Infinite Arms

Band Of Horses

Brown Records/Fat Possum/Columbia, 2010

http://www.bandofhorses.com

REVIEW BY: Melanie Love

ORIGINALLY PUBLISHED: 06/21/2010

After three albums, the lineup of Seattle-formed Band Of Horses is down to one original member, singer Ben Bridwell. But says Bridwell – he of the languorous, evocative lead vocals – this configuration is the true heart of Band Of Horses, that finally it feels like a real unified band. And for the most part, Infinite Arms fulfills that proclamation. It’s tightly orchestrated but still full of the sweeping instrumentation and harmonies that turned songs like “The Funeral” (off of 2006’s Everything All The Time) into veritable epics; meanwhile, the bluesy, Southern sprawl holds true, enveloping even the most energetic of cuts with a summery warmth.

The only caveat to be found with this disc is that it’s been done before, and at times, better, by earlier incarnations of the Horses. If debut my_heart_sings_the_harmony_web_ad_alt_250 Everything All The Time was a revelation, a breath of understated yet earnest emotion, follow-up Cease To Begin was a turn-of-page, and Infinite Arms is stuck in the same chapter, with far less of a scope than the title would suggest.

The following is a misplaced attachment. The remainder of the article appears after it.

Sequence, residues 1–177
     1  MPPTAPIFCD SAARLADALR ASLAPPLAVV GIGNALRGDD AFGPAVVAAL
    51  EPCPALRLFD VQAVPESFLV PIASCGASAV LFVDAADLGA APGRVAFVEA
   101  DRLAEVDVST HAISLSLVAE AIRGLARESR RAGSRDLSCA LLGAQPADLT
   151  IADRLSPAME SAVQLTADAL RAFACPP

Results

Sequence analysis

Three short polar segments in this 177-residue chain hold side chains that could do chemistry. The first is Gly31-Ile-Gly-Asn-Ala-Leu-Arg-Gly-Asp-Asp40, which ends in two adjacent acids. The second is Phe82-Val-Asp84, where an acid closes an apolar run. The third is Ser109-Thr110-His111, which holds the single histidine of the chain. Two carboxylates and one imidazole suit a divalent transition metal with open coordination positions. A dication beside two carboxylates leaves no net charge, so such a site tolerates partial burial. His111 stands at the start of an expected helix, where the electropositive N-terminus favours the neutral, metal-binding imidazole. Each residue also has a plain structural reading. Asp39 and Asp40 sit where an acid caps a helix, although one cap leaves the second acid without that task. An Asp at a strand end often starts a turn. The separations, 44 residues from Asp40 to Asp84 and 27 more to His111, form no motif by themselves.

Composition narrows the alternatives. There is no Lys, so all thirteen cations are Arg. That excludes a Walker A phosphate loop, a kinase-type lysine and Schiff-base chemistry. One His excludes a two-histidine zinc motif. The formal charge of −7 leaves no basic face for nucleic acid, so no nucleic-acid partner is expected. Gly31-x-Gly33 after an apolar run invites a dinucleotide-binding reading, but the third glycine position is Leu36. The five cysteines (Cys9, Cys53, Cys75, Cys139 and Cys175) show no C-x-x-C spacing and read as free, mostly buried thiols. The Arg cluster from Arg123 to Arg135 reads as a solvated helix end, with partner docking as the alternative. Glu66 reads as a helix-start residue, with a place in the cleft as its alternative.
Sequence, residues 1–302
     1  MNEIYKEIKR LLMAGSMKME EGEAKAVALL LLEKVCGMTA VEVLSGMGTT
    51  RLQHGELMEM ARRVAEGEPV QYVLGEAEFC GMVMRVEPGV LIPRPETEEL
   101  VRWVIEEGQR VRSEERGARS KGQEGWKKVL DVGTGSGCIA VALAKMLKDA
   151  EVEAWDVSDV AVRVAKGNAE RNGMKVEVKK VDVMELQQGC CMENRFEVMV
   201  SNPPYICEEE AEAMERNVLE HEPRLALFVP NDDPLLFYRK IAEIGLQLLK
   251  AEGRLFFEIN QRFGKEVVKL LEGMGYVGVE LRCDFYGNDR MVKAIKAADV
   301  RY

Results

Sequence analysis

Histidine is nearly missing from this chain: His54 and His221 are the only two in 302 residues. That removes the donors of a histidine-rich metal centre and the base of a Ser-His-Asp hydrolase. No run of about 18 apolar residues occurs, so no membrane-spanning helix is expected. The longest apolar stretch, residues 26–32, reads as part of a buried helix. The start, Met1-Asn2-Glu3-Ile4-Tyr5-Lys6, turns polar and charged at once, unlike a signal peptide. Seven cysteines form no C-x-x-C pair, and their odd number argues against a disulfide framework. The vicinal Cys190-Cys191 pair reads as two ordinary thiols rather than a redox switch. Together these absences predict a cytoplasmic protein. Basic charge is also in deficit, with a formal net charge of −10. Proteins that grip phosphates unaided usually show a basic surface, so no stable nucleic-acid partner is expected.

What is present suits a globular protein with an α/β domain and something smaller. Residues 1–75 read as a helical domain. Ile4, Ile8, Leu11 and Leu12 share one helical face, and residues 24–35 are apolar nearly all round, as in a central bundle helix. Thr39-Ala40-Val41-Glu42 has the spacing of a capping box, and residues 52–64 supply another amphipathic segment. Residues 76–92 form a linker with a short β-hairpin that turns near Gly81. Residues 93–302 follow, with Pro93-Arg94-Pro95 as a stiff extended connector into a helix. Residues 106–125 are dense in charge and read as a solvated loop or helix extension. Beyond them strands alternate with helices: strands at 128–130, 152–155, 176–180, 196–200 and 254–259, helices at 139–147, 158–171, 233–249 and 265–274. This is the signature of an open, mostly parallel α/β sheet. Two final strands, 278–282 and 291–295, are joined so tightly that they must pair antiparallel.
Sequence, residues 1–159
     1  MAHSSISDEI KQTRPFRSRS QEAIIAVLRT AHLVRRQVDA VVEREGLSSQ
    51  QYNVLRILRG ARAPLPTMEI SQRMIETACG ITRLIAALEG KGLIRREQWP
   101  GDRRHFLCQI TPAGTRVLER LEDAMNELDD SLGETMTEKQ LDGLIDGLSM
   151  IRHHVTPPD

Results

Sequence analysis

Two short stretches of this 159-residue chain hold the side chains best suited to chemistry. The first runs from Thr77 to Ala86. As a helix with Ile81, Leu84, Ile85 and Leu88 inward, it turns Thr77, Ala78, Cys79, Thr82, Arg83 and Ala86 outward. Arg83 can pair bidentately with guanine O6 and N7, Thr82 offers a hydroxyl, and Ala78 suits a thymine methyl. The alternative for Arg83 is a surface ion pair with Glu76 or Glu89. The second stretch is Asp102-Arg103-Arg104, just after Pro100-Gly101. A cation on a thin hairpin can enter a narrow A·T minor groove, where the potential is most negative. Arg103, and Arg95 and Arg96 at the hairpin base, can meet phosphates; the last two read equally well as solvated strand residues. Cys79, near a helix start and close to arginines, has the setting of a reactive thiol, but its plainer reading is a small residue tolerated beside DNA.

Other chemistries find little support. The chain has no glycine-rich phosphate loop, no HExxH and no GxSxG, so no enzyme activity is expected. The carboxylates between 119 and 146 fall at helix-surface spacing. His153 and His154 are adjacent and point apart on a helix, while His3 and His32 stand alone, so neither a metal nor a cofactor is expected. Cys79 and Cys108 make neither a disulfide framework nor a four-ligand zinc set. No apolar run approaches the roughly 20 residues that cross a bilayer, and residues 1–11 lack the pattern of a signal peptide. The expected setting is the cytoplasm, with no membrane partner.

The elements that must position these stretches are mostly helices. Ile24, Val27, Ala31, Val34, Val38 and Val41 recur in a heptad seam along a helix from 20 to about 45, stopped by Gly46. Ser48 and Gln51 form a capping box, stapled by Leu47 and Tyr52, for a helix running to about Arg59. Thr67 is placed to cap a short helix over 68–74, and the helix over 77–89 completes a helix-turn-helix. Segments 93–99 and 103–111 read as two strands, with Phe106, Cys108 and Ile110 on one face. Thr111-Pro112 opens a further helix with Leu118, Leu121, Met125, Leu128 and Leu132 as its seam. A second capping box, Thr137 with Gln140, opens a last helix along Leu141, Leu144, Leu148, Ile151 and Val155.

For Band Of Horses, though, repetition is nevertheless pretty likeable. Lead single “Laredo” sparkles with energy, a catchy guitar riff meshing nicely with Bridwell’s soothing vocals. It’s a nice combination of spiritedness and unease, the lyrics prickling against the cheery rhythms (“Oh, I think the worst thing I could do / Is get back home to you”). Meanwhile, opener “Factory” builds on gracefully soaring synths, subtly tugging at the heartstrings à la “The Funeral”  – though I could envision second cut “Compliments” as a more effective beginning, with its chugging guitars paired with propulsive lyrics.

Infinite Arms has a nice measure between syrupy slow-burners and more revved-up cuts; “Dilly” boasts an interesting call-and-response aProach to harmonies and a clean underpinning of instrumentation, and “On My Way Back Home” has a weary, twilight beauty to it. Also worth a mention, the slow as a humid afternoon and sparsely accompanied “For Annabelle” manages not to get undercut by being foLowed by the almost manic (at least for Band Of Horses) drumbeats and urgency of “NW Apt.”

But by the time closer “Neighbor” hits, there’s that sense of having heard this all before, and I didn’t quite fall in love with any of these songs as I did with “No One’s Gonna Love You” from their previous disc, or the whole of their debut. For a brand-new lineup and Bridwell ascertaining how excellent it feels to finally have that sense of being a “band,” I wanted to hear more of that enthusiasm and innovation. Everything is lovely and listenable, but I suppose that after two solid albums, I have higher standards for this Band. Consistency is commendable, but I don’t want to see them slow-burn their way into oblivion.

Rating: B-

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